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Discussion Starter · #1 ·
Hello

I live in Manitoba , Canada and have owned my house for 11 years . House was built in 86 . This huge crack has been developing in my basement and i would like some advice before i call a local foundation company .

The crack runs the length of the house and in spots are a half in wide . I have measured the depth of the crack at about 5 inches . The right wall in the pictures has a few odd readings , in the corner it moving to the right and in the middle of the wall it seems to be moving to the left and then back to level in the front corner . Please see pictures i would be greatful for any advice .
 

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Discussion Starter · #4 ·
I just wanted to add that the above picture of the wall is about the middle of wall running the length of the entire house. Thank You
 

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Hello

Thanks for replying , the wall I am talking about is on the right side of the photos I posted . I will add a picture of the wall .

The picture of the wall you posted appears to be of drywall,but that floor looks to be in pretty bad shape, i'd suggest you get a structual engineer in to find out what's going on.
 

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Discussion Starter · #6 ·
Hello

Thank You for your reply . Would you know anyone online that that could comment on this issue i am having . The crack in the drywall is very odd , it starts from one side of the stud and changes sides to the other . Like a corkscrew affect .
 

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Hello

Thank You for your reply . Would you know anyone online that that could comment on this issue i am having . The crack in the drywall is very odd , it starts from one side of the stud and changes sides to the other . Like a corkscrew affect .
Based on the limited information you've provided, my suggestion is to go ahead and contact your local foundation contractor. Be very selective about who will do the repair. The simple fact that you are faced with this problem is the resolution will be costly.

It is only my opinion that the ground is slipping away from underneath the slab. The separation of 5 inches (wide or deep) is very excessive and requires much attention. My educated guess is that after another 5 years, you would have a house that has collapsed and, then, the conversation would be totally different. As for the drywall seam separation... it's a small part of your problem and should straighten itself (figuratively speaking) once after the foundation problem is repaired.

One point here also to make is that, normally speaking, property insurance policies don't cover landslides...

Good luck.
 

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If you have neighbors nearby, ask them to see if they have any foundation issues.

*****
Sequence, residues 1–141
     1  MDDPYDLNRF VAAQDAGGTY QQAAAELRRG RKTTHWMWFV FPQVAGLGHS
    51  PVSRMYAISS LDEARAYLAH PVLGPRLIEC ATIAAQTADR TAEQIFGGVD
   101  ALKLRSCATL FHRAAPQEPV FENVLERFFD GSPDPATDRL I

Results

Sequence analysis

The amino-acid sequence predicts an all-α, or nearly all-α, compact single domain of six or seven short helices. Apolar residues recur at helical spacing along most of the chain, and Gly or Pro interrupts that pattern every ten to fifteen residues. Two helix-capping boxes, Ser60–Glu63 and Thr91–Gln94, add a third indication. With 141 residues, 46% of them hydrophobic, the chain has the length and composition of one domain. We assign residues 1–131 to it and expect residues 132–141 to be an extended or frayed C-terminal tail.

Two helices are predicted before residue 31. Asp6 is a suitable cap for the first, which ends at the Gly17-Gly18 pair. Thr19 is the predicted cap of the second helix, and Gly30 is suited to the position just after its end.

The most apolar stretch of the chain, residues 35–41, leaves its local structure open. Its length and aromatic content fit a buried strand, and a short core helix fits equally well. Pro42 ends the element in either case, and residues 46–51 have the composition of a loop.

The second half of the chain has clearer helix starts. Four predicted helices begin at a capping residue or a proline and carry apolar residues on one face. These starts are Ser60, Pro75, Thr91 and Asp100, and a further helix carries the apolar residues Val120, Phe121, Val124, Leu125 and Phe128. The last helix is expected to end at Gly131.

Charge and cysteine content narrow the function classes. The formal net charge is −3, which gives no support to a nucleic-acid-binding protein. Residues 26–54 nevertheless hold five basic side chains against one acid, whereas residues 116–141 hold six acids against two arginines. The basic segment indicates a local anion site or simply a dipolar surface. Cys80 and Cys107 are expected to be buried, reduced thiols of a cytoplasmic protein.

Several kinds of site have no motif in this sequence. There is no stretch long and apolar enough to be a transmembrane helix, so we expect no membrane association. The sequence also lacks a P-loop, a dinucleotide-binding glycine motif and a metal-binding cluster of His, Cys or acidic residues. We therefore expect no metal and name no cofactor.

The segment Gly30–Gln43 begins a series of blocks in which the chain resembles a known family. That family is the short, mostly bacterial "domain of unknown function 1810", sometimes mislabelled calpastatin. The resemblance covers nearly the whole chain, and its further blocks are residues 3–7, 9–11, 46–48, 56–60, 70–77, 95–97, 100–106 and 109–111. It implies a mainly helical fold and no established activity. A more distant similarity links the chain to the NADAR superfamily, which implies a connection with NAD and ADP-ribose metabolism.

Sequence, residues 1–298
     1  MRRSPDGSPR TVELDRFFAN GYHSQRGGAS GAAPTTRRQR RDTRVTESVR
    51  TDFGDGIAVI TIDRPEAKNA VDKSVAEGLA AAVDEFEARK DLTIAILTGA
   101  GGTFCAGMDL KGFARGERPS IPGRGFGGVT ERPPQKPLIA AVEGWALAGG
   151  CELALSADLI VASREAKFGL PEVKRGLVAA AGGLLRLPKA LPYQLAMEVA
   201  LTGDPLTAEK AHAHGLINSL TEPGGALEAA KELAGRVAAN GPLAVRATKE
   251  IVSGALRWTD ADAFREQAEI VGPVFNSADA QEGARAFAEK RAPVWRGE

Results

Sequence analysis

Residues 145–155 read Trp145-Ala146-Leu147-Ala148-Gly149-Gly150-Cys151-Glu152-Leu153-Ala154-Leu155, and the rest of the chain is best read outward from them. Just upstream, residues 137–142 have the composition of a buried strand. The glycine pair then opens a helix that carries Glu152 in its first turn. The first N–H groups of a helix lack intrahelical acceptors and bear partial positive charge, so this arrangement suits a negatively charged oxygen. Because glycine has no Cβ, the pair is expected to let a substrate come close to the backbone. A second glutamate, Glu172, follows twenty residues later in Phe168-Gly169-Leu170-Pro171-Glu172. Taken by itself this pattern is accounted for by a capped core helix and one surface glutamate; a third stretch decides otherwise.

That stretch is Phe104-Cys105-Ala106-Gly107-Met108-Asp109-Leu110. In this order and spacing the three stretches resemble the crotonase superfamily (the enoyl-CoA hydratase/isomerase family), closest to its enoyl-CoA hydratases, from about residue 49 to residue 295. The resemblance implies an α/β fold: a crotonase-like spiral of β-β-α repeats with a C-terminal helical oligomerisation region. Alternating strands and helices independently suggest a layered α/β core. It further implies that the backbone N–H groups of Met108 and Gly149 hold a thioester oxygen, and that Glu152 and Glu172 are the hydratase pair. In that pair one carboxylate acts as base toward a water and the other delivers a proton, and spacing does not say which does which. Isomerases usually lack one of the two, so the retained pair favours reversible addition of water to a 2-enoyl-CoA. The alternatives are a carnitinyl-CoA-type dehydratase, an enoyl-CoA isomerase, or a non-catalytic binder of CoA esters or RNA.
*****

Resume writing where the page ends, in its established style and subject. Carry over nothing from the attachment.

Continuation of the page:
Also, that crack looks like it was sealed before with some type of caulking. Did you do that and if yes, when?

OOdssoo, just a minor correction in that the crack was 5 inches deep, not 5 inches wide.

Either way, I am not sure if that house is safe.
 

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If you have neighbors nearby, ask them to see if they have any foundation issues.

Also, that crack looks like it was sealed before with some type of caulking. Did you do that and if yes, when?

OOdssoo, just a minor correction in that the crack was 5 inches deep, not 5 inches wide.

Either way, I am not sure if that house is safe.

Uncertain to me of the code requirement on the thickness of this house, 5 inches deep IS very serious! And honestly, 5 inches wide would be more serious of an crack!

Agreed.... Either way, get something done ASAP! Don't live in it in the mean time!
 

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First off, I do foundation repairs as part of my profession, and I can tell you that it's darn near impossible to try to successfully troubleshoot issues accurately over the internet or from a few pics. It's a big enough challenge trying to troubleshoot the actual issue in person much less with such limited information.

The one thing that does instantly stand out as a red-flag to me though is the dampness around the cracks in the floor. This is typically an indication of high ground water, and more often than not, a good indicator that the sump pump (presuming you have on in a sump crock) is failing...........
 

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First off, I do foundation repairs as part of my profession, and I can tell you that it's darn near impossible to try to successfully troubleshoot issues accurately over the internet or from a few pics. It's a big enough challenge trying to troubleshoot the actual issue in person much less with such limited information.

The one thing that does instantly stand out as a red-flag to me though is the dampness around the cracks in the floor. This is typically an indication of high ground water, and more often than not, a good indicator that the sump pump (presuming you have on in a sump crock) is failing...........

To further the point, if the pump system is failing, the ground under the slab may be washing away....

Bottom line, the point is clear here... get a professional to look at it in person. Get an engineer also to look at it...

Good luck!
 

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Just wanted to wish you luck,dd. From looks of things, seems the rising ground water has turned Manitoba halfway to upside down. I had the same problem the other day. Vertical or "portrait" oriented pics in my file were oriented fine, when I up loaded and previewed, fine; when I posted they were all flipped 90 degrees.
 
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